The red eft is a salamander, the terrestrial juvenile of the Eastern Newt.  This newt starts out in water, hatching from eggs, and the greenish-brown larval form has feathery gills. It then transforms into a red eft, loses its gills and takes to the land for two to four years, traveling far to find a new pond and thus prevent inbreeding. Once it finds a pond, it transforms again into a breeding aquatic adult with slimy olive green skin and black rimmed red spots. They breed in late winter or early spring.  During their courtship dance, the male deposits a "sperm packet" on the bottom of the pond which the female picks up to fertilize the eggs she is already carrying. She then proceeds to deposit 200-400 eggs, but only a few each day, and then abandons them. The larvae hatch in 3 - 8 weeks, and only about 2% of them make it to the red eft stage.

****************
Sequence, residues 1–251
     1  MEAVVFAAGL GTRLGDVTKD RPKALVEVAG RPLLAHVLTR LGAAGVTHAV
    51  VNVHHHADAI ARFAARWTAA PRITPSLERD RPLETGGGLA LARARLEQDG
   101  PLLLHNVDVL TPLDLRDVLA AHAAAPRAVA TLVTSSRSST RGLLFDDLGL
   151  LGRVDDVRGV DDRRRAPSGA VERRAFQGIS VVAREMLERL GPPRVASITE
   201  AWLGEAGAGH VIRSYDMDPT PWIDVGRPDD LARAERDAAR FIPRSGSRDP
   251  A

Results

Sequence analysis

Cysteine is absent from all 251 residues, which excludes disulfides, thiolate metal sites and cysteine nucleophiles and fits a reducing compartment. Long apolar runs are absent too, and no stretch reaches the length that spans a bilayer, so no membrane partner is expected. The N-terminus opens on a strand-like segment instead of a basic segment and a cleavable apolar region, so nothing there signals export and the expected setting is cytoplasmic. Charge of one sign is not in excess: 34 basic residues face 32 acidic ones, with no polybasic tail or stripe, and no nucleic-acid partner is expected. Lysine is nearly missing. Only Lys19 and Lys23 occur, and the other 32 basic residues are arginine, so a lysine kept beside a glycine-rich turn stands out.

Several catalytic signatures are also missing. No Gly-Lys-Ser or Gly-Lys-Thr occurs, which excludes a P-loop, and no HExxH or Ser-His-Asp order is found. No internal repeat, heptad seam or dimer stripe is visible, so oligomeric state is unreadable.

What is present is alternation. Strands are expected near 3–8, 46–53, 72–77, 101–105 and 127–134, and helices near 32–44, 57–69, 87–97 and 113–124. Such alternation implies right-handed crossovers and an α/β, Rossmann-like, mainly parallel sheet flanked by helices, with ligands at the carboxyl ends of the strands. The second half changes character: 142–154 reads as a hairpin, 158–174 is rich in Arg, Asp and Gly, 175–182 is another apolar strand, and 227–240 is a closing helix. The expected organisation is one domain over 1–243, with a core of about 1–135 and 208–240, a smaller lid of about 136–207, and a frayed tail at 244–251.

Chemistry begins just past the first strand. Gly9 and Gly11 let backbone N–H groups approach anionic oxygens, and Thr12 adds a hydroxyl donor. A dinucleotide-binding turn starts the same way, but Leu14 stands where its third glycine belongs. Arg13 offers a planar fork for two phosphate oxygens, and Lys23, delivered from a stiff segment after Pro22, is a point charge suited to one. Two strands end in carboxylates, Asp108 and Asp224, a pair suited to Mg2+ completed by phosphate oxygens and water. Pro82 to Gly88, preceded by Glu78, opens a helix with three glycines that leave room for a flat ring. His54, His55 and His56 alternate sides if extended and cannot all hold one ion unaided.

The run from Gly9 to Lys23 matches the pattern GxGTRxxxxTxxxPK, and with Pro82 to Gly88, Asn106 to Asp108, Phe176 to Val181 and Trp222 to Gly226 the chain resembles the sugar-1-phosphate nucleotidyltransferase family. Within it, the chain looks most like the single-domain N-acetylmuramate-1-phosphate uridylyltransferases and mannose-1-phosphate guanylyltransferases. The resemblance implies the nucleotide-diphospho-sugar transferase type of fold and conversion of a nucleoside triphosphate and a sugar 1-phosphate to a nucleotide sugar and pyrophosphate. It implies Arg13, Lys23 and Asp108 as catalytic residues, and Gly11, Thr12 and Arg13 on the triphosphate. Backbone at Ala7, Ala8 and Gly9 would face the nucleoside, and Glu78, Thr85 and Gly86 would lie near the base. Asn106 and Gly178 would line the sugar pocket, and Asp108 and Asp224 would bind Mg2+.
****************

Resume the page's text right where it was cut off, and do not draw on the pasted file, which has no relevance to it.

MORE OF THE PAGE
Newts are carnivorous; the efts eat snails, springtails and soil mites; the larvae and adults eat worms, insects, fish eggs and other small aquatic animals. They in turn can be eaten by birds, fish, turtles or mammals, but this predation is usually deterred by their toxic skin. The eft's orange color serves as a warning to potential predators of their toxicity, so they are rarely eaten.snails, spring tails, and soil mitessnails, so they ar, so the, 

Tuesday, June 24, 2014

The wall builders